Sentimentalism was used to cultivate sympathy with others in order to promote self-improvement and motivate action to alleviate hardships. In Clayton Byrd Goes Underground, Williams-Garcia had Clayton go through challenges, so the readers can sympathize with Clayton but also be inspired by his character development. At a young age, Clayton was determined to reach his self-manifested identity to overcome the sudden death of his grandfather. Unlike the stories in Golden Age of literature, Clayton faced real obstacles that he needed to deal with to fulfill his ambition. Clayton always wanted to acquire Cool Papa’s identity, but after overcoming challenges he was able to discover his own self-identity.
Freedom is the power or right to act, speak, or think as one wants without hindrance or restraint. The search for freedom is exemplified in Song of Solomon by Toni Morrison. One of the main protagonists, Macon has the ideology suggesting freedom relies on materialistic values. He teaches this idea to his son Milkman (the other protagonist), in which he learns throughout his encounters of life, that his father’s ideology of money being freedom is not what brings a prosperous life but himself going on his own journey experiencing his own enlightenment on life, so that he may have a personal understanding of freedom. Thus, the validity of “money is freedom” is not valid, due to understanding freedom can be subjective.
Once Jake discovers the body, he comes face-to-face with the tentacle-laced monster that caused all the destruction. Abe dies in his grandsons arms but not before muttering some last words about a letter and some bird. Jake has no idea what those last few words meant. Nobody believes Jake when he explains the monster he saw; the death was notarized as an attack of wild dogs. Jake deteriorates into a deep depression, as his grandpa was his best friend.
Huck basically grew up as an orphan, learning everything for himself while his father was busy getting drunk. When his father was around, he often beat Huck and was a bad role model in his life. When he escaped and began to befriend Jim, Jim took on a paternal role for Huck. In chapter nine when the river floods and the house floats by, Jim will not let Huck see the dead man inside. This is one example of how Jim is protective over Huck and tries to preserve his innocence.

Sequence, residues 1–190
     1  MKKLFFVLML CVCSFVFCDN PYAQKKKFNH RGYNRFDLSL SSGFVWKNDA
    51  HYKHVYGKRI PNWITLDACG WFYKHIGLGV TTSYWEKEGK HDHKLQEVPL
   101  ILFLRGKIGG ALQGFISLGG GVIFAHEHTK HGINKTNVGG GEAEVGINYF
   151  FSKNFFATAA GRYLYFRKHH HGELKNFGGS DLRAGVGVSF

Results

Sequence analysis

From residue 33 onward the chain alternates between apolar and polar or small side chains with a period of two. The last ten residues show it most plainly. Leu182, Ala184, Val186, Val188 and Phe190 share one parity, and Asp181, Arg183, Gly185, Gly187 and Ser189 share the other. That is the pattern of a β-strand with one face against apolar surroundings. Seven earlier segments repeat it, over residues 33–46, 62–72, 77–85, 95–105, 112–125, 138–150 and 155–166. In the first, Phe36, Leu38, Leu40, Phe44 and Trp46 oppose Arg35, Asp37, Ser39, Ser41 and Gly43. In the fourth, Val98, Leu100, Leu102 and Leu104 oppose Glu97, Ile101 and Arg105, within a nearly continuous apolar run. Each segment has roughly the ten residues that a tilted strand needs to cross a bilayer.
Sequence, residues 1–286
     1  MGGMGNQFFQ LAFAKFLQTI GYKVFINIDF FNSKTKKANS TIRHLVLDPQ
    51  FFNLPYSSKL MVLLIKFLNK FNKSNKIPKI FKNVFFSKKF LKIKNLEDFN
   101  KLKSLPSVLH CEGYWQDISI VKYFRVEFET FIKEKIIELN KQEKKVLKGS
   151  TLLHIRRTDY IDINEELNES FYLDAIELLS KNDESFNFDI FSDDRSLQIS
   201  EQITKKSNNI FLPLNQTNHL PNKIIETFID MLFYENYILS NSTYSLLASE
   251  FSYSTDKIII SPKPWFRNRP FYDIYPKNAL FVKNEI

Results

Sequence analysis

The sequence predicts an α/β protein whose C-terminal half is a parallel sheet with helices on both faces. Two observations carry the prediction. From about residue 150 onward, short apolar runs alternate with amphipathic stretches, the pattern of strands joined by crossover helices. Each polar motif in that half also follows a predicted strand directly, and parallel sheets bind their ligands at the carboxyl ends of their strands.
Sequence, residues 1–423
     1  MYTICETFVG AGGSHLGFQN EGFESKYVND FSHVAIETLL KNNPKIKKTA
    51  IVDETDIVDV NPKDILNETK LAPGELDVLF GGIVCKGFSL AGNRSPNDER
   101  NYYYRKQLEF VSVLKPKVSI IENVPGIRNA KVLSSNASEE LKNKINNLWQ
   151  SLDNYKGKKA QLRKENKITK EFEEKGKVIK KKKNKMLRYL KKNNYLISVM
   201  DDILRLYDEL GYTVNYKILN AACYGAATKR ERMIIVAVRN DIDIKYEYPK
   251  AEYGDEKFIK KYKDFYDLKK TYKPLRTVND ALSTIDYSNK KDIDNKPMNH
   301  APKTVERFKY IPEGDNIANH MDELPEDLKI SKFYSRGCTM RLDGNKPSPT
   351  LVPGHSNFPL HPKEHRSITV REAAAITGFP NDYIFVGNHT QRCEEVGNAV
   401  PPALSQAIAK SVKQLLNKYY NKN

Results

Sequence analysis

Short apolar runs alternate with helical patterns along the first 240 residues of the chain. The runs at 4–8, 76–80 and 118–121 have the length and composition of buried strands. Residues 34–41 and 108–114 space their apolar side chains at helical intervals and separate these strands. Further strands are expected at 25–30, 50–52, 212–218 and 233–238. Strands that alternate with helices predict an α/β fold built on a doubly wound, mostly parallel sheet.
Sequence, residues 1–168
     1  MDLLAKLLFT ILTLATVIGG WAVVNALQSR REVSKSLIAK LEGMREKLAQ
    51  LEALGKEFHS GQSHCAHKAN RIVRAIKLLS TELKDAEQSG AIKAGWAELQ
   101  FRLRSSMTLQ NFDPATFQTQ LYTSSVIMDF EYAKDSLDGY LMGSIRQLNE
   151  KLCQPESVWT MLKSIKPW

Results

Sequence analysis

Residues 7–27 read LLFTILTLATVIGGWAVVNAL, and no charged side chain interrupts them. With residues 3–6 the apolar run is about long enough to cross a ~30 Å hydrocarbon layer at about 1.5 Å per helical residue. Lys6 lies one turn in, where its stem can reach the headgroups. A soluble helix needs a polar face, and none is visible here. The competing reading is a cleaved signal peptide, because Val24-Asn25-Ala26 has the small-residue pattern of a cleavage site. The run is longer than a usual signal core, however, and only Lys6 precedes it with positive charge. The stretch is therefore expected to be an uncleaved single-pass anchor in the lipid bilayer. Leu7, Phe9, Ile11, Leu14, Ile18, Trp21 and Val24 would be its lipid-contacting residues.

What furthers the success of his fulfilling of a father is the way he words this principle; Atticus knows that if he uses words or sentences which are too complicated, Scout will not understand, therefore, will not be able to live by this principal. Using phrases such as shows us that Atticus takes into account his children’s attitudes and learning capability solely to pass on morals. Furthermore, throughout the course of the novel, as the reader familiarize themselves with Atticus and his children’s bond, we learn
This impact is proven in the epigraph of the novel when Morrison writes, “The fathers may soar/ And the children may know their names” (epigraph). An allusion to the African-American story about slaves who escaped slavery through flight; Morrison utilizes this epigraph to demonstrate the impact that the “flying africans” leave on a community. She discusses how the fathers soar, which is a direct reference to the flying africans of folklore, but also is a reference to the novel and Solomon who left his family to escape slavery. The children knowing their father’s names is also a reference to the motif of children’s song in the novel, due to the fact that the children in the town of Shalimar sing about Solomon and his flight. The knowledge of names also brings in another integral theme of the story which is the power of names.
The following pages will discuss Huckleberry Finn, a very young kid that father was very abusive with no other family members to take care of him. These two older women tried to care for Huck by the name of Widow Douglas and Miss Watson, they tried to raise him the good old-fashioned way but Huck was too street smarts and hyper to listen to abide by the rules anyway, plus his drunken, despicable dad played a part in his action also. Huck was a fast thinker at all times he faked his death, after his dad tried to get the ladies to sell there slave by the name of Jim to give him money if they wanted to continue to raise Huck. After faking his death, he decided to go down the Mississippi River. Jim went with him because he wanted to go and be free,
“[He] was able to escape the worst of [his] culture’s inheritance. And uneasy though [he is] about [his] new life, [he] cannot whine about it,” (253). The Hillbilly culture is full of poverty, however it explodes with family values and support from those who don’t battle with addiction. J.D. claims that, “the life [he] leads now was the stuff of fantasy during [his] childhood.
They are never happy about what they have. Greed is wanting what others have and the book hamlet is centered around just that, murder, sacrifice, and mischief. Claudius is a perfect example of greed. He killed the king in order to obtain the throne. As it said in the book ¨murder most foul, as in the best it is, but this most foul, strange, and unnatural.¨ Claudius was greedy and wanted what his brother had.
By Rahim Khan saying this, Amir now understands why Baba always tried to do good, because deep down inside he couldn’t bear to know what he’s done. He couldn’t love Hassan the way he wanted to. That’s why he built the orphanage and did so many other great things so he had something to distract him from his mistake and hopefully feel some redemption. Rahim Khan, Amir and Baba all redeem themselves through Sohrab. “I looked at the round face in the Polaroid again, the way the sun fell on it.